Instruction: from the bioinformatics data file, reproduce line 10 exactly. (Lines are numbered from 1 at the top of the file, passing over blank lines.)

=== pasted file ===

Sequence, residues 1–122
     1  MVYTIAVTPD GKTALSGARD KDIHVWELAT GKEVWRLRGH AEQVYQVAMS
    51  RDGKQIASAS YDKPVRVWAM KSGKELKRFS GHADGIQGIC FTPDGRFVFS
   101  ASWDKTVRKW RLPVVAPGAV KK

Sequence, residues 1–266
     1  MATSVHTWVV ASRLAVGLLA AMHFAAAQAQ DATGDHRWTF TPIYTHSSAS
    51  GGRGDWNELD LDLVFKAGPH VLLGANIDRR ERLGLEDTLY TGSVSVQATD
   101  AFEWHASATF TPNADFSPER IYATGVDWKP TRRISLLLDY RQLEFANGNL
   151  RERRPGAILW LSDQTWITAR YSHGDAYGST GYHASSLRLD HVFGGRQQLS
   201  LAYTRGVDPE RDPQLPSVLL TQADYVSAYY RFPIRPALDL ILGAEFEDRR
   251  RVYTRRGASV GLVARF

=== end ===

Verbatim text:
   201  LAYTRGVDPE RDPQLPSVLL TQADYVSAYY RFPIRPALDL ILGAEFEDRR